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Boys, Kindergarten, & ADHD

Barry MacDonald started a buzz when he published his summer Boy Smarts News on the topic of boy’s development and if the start of kindergarten should be delayed for boys to give them a more equal start. The response about that topic came back strongly that it really depended on the individual boy. No big surprise there, but what grew out of it was a surprising discussion about ADHD diagnosis and boys who start kindergarten early.

Teachers and staff are stretched very thin and don’t often have the resources needed to adequately assess the educational needs of children. Very few have had adequate training in holistic, effective, positive behavior guidance. Without this, it’s difficult or impossible to address the normal and often challenging behaviors of children.

ADHD has become the “go to” diagnosis for boys when there’s a challenge in classrooms, daycares, and school-age care programs. However, misdiagnosis often has tragic consequences. Karen Elkins, a consultant to parents of children suspected of having learning or behavioral problems, has this sto say: “Too often children who can’t keep up or exhibit disruptive behavior become loosely labeled  with ADHD or some other behavior or learning disability. Sadly, once kids get labeled this way, it’s often very difficult to get them un-labeled. over time, unless core issues are addressed, these children suffer and get left behind.” This doesn’t even mention the unknown and possibly very negative long-term effects of stimulant medication for children. Karen recommends that parents seek a thorough assessment to understand root causes before jumping to conclusions or solutions. Often ADHD diagnosis can be very subjective, especially when teachers are comparing children in the same classroom or learning environment.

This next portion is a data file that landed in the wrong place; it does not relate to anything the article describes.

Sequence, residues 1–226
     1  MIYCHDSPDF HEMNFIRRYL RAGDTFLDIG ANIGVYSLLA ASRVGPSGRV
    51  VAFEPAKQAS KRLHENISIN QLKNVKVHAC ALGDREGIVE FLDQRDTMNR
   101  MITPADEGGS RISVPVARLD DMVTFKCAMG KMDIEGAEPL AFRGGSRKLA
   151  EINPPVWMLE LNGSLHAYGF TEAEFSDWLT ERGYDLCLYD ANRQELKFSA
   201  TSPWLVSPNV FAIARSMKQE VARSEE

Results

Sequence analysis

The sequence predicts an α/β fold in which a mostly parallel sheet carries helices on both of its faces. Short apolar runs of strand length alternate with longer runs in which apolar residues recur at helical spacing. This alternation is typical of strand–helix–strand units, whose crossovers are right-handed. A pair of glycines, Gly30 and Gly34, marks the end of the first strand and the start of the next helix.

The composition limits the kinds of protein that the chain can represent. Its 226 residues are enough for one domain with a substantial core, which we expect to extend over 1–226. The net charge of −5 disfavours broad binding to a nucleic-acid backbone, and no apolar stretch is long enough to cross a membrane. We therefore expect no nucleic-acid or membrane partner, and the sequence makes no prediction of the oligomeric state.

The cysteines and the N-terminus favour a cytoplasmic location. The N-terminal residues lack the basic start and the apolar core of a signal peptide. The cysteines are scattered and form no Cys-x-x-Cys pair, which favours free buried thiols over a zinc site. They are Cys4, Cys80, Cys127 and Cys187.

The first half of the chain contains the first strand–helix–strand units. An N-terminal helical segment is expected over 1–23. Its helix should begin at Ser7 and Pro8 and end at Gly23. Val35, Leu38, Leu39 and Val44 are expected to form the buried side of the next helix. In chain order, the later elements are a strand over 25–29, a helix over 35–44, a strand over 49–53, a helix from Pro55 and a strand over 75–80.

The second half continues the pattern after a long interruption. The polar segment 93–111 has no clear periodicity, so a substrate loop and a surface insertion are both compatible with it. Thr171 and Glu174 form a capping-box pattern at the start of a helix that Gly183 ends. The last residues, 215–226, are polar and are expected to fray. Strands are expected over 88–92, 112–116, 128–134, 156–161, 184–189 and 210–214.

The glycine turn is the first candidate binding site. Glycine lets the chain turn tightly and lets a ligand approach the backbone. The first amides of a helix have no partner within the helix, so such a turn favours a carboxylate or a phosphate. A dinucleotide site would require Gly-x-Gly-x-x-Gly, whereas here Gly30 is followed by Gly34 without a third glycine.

But is all of this fuss just an attempt to get more press attention? Is it really much ado about nothing? Not according to Todd Elder of Michigan State University who did research that clearly shows that ADHD misdiagnosis is more common for children who are younger than their kindergarten classmates. This study takes care to avoid downplaying the existence or significance of legitimate ADHD in children, but indicates that similar students have significantly different ADHD diagnosis rates depending on when their birthday falls in relation to the school year. Elders study is soon to be published in the Journal of Health Economics. A pre-publidshed version is available to read online on the Mentoringboys.com website. There’s also an article about it in the Vancouver Sun Times: One in five kids possibly misdiagnosed: study.

The behavior guidance techniques that I coach parents and educators in at Fiddlehouse are very effective at helping kids with ADHD as well as many other diagnosed and undiagnosed challenges. In fact, many children who were well on the way to an ADHD diagnosis no longer displayed the behaviors that got them there after parents and educators used the techniques that I teach. Be sure to get in touch if you would like to talk more about anything in this posting: joshua@fiddlehouse.com or 651-274-0031.

 
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Posted by on September 18, 2010 in Present Moment Parenting

 

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Electronic media: magic or madness?

I’m teaching EDUC 1000 Careers in Education at Minneapolis Community and Technical College right now, and last night the topic on the syllabus was 21st century learners and the media. We watched two videos on Youtube.  

One video talks about the importance of engaging kids using electronic media for the purpose of education. Kids are growing up with almost unbelievably more media knowledge and understanding than their parents did. The way that technology in the last ten years has changed the world can only be compared to the invention of movable type, the industrial revolution, and the protestant reformation.